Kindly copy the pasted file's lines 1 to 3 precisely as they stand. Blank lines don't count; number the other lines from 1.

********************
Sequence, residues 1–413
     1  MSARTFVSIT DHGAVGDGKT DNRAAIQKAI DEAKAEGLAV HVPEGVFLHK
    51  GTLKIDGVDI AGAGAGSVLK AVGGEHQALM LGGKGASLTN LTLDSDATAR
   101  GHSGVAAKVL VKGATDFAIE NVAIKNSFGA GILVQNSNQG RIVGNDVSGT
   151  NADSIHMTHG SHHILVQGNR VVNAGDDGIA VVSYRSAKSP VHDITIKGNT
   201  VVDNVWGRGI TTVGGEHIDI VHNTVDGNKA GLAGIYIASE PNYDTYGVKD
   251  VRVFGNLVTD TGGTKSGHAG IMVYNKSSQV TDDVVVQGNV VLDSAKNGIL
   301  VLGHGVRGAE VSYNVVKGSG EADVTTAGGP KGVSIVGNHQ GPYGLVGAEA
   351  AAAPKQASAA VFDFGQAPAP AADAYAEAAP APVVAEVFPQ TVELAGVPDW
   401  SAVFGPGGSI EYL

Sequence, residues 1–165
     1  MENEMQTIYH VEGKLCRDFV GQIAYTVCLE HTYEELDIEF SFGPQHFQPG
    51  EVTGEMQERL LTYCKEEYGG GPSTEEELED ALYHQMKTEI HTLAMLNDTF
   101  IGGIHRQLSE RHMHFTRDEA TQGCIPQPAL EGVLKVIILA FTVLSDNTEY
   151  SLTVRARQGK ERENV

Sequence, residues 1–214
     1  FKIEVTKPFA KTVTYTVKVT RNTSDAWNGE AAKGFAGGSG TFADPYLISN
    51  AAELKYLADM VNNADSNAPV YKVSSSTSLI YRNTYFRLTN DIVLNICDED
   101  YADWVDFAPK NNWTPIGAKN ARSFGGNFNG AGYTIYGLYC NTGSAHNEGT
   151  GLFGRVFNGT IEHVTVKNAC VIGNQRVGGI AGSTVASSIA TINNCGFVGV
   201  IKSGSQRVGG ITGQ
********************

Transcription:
Sequence, residues 1–413
     1  MSARTFVSIT DHGAVGDGKT DNRAAIQKAI DEAKAEGLAV HVPEGVFLHK
    51  GTLKIDGVDI AGAGAGSVLK AVGGEHQALM LGGKGASLTN LTLDSDATAR